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Many dog owners will testify that their pooch can sense when they are sad or low and will offer a comforting paw in response. But researchers from Goldsmiths University of London say even a stranger in distress can elicit the same reaction.
In a study in which either the dog's owner or a stranger began crying, the majority of faithful friends approached the person "providing reassurance and comfort", whether or not the person in question was their owner or an unknown.
A total of 18 dogs of varying breeds were filmed in their own homes, where their owner stared to talk, hum loudly and then pretended to cry. The same test was then carried out with a complete stranger.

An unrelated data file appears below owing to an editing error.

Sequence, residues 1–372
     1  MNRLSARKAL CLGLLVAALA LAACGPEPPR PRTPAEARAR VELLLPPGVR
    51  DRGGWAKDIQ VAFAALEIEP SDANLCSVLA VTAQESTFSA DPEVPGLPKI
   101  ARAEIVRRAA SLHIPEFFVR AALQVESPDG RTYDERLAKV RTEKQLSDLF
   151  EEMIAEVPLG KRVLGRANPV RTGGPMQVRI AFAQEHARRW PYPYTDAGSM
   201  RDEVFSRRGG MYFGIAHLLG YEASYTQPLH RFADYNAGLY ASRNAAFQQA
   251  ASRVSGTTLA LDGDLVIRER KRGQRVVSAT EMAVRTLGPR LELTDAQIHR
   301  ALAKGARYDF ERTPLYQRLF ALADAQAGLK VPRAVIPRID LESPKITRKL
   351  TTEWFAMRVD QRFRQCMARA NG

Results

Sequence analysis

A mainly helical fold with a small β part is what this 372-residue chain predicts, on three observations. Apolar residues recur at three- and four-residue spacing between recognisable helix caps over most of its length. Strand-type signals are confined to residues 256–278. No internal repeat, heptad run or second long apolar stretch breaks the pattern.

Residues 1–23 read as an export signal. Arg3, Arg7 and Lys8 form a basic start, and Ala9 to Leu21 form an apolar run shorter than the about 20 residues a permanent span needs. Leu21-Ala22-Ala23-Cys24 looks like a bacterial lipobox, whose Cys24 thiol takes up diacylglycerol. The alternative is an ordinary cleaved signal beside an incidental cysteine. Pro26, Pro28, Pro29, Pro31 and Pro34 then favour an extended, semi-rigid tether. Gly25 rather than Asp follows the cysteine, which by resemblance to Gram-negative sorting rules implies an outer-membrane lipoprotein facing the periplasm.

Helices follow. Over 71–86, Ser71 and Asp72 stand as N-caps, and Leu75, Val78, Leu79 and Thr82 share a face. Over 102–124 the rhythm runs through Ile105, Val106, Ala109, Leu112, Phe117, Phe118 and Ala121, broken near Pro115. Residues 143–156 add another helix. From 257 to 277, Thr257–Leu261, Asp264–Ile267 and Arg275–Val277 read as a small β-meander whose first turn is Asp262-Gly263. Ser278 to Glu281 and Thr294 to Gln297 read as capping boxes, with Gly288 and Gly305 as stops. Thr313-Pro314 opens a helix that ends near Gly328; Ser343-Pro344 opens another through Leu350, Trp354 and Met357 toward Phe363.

Of those 18 dogs, 15 responded to crying from either their owner or the stranger by stopping what they were doing, approaching submissively and proceeding to offer reassurance by way of a gentle touch.
Even an eight-month-old labrador, which was busy chasing its tail, immediately stopped when the crying began and rushed over to comfort the distressed human.
Researchers say the behaviour is relatively sophisticated and is similar to the way toddlers will try to comfort a person in distress with a hug or the offer of a toy.
Lead author Jennifer Mayer, whose study was published in the journal Animal Cognition, said: "Regardless of whether it was their owner or the stranger, when an individual cried most of the dogs went up to them in a quiet, submissive way suggesting comfort-giving.
'They didn't go up to their owner when the stranger cried, which would have been seeking comfort for their own distress rather like infants who cry when another baby cries.
"They were responding to the person's emotion, not their own needs."
What do you think? Does your dog offer reassurance and comfort in your times of need? Leave your comments below...